It is a hard task running an organization representative of industry, especially when those represented are reluctant to support the same and would much rather lament on social media, become armchair critics or worse still suffer in silence. The downside to this state of things is that it feeds the corruption and broker culture that builds an impermeable wall between the larger industry, making access to legislation, or other positive industry action impossible. Such is our condition in the silicon savannah.
At inception, a credible industry umbrella organization must be driven by personalities who will ensure relevance, drive membership and often times bank roll the creation of the structures that will strengthen and grow the clout and influence where it matters. The problem that we face in Kenya is that many of those invested in the space are yet to come to terms with the process of engagement with government and look at that as the cost of business. A cost that if shared with peers become manageable while de-risking individual businesses from pushback actions that could deadpool them were they to rise up individually.
The Silicon Valley that forms the vision of a successful technology ecosystem has for decades thrived on lobbying, allocating millions of dollars annually to the process. A quick search for numbers reveals that in 2014 Google spent an estimated $16.8 million, Amazon $4.7 million, Apple $ 4.1 million with statistics from a public interest group tracking 15 tech companies putting combined spend in Washington just shy of $ 117 million. Uber, who launched Nairobi operations a month ago is expected to use quite abit of its recent round on lobbying activities across the globe where they have visibly stirred and irked traditional players.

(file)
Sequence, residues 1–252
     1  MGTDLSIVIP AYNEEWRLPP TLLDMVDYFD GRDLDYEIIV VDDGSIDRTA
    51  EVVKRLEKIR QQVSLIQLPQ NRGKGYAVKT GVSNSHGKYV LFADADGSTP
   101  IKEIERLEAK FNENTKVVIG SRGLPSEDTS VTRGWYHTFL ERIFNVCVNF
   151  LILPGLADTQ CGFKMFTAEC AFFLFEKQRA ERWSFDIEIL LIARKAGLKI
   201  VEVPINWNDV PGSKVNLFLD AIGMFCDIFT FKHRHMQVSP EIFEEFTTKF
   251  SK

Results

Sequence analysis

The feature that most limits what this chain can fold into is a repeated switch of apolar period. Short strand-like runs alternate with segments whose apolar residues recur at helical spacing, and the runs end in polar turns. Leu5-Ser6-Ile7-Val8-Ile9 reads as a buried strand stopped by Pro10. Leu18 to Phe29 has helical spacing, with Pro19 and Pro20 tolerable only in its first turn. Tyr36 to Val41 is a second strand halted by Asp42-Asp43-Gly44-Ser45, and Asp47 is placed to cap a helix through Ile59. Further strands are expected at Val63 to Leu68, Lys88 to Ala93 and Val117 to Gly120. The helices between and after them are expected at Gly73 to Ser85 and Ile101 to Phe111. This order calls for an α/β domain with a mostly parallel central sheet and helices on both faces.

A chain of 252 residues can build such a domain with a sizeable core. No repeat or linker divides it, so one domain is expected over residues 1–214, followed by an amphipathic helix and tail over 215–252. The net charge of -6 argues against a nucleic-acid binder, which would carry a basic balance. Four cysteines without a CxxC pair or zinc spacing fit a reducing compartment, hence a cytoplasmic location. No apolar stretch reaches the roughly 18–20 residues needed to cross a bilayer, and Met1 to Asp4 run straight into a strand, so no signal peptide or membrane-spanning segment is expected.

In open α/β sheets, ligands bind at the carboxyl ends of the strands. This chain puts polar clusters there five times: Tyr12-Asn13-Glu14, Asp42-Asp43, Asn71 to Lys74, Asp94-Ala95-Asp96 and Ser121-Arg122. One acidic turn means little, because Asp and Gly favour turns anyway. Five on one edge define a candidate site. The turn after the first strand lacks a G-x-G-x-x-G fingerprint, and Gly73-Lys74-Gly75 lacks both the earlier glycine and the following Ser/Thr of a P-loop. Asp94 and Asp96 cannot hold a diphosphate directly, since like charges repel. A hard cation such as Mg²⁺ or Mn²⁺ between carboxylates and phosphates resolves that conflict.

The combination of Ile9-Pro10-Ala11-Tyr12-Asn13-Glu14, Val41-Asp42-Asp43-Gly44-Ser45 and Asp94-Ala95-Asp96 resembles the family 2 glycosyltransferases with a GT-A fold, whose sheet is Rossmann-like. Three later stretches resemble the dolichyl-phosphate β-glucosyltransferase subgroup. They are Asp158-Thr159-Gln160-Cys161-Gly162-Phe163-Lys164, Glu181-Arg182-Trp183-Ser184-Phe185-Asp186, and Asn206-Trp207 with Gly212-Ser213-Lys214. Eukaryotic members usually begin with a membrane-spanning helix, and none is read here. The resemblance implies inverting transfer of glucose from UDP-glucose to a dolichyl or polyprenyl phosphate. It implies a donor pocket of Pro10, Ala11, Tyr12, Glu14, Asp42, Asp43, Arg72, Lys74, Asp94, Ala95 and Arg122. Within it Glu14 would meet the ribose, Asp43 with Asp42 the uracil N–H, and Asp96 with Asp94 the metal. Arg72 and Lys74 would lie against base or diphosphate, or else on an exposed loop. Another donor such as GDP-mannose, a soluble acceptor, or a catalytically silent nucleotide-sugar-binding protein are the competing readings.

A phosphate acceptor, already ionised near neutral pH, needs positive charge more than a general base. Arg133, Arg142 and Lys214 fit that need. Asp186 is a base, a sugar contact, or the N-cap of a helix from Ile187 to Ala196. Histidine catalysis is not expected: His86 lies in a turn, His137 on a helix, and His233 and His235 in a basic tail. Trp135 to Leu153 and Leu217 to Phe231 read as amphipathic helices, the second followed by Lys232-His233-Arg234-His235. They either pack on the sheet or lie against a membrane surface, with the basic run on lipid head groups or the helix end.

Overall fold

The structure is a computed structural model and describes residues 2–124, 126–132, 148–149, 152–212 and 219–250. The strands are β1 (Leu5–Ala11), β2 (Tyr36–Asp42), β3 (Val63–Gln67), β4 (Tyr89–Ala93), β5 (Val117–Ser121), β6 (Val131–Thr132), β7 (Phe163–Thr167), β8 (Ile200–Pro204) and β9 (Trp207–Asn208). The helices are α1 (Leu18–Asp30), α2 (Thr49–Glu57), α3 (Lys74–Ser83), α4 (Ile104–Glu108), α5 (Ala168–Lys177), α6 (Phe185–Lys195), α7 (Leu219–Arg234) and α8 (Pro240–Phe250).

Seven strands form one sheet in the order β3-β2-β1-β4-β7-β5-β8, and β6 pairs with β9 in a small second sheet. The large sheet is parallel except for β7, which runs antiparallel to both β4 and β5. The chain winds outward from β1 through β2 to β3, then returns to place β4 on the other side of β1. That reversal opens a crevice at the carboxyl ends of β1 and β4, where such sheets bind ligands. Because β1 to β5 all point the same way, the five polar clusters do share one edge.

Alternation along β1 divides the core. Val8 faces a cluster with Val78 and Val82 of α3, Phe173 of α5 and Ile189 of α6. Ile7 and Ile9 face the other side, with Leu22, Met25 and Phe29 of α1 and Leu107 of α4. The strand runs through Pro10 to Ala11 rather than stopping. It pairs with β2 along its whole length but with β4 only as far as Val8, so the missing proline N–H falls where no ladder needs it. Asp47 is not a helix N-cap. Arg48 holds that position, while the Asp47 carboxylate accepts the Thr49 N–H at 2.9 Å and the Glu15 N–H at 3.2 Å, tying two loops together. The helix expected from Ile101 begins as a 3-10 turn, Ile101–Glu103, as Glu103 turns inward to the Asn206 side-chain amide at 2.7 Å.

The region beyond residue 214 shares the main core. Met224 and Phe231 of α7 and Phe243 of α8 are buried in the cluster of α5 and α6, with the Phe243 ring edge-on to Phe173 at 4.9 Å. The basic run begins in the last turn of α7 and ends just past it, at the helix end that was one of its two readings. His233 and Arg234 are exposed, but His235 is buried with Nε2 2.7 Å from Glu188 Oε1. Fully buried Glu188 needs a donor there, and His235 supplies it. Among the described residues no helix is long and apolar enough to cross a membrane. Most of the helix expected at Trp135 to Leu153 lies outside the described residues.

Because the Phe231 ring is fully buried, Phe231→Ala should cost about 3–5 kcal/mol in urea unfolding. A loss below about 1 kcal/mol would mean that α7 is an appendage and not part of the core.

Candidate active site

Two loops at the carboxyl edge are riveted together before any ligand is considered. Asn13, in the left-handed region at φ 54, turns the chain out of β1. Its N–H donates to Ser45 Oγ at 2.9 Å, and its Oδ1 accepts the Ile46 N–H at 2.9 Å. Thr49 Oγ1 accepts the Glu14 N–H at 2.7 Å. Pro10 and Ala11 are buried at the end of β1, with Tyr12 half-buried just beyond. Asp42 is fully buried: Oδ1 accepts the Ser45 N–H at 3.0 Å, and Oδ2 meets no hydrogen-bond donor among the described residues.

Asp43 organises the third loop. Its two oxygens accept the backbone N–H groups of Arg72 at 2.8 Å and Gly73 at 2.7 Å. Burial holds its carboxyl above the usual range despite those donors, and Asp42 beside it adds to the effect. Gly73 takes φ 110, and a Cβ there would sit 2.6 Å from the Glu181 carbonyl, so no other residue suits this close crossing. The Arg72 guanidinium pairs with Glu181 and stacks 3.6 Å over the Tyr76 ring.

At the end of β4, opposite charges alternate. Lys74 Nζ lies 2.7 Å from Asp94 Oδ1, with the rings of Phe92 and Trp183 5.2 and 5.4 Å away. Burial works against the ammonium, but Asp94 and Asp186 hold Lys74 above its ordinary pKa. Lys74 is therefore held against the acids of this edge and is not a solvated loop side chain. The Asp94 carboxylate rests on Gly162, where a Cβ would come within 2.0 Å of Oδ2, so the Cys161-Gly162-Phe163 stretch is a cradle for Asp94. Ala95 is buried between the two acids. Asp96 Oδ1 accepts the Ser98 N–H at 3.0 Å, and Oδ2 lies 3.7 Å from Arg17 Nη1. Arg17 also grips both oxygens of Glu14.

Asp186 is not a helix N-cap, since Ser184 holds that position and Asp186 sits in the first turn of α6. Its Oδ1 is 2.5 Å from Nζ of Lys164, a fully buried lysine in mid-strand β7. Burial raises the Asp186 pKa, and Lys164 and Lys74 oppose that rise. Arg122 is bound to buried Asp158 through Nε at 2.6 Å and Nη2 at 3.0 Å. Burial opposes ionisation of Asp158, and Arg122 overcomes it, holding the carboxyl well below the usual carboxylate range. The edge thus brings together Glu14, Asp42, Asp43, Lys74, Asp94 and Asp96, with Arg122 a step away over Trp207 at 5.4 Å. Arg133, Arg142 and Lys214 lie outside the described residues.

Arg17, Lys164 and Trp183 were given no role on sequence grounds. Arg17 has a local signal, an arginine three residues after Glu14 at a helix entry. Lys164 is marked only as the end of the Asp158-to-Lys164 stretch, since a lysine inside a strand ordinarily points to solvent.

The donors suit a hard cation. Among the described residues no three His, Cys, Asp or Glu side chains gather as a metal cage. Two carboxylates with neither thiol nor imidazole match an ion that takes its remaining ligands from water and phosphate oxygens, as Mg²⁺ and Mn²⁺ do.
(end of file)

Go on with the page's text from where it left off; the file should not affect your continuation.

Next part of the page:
Government it can be argued has bigger problems to deal with and without a chaperone, agenda items get dropped off the table. Enterprise on the other hand must focus on core business and not get lost in the dynamics of politics and legislation. The middleman that is the lobbyist therefore performs a critical role in the development and advancement of any space. Whether that lobby vehicle is packaged as an industry umbrella organization or independent companies focused on particular niches, we should not shy away from visibly agitating for the changes that will see the IT enabled services industry in Kenya develop at the pace that we want and with the support that we require.
Lobbying is not institutionalized corruption.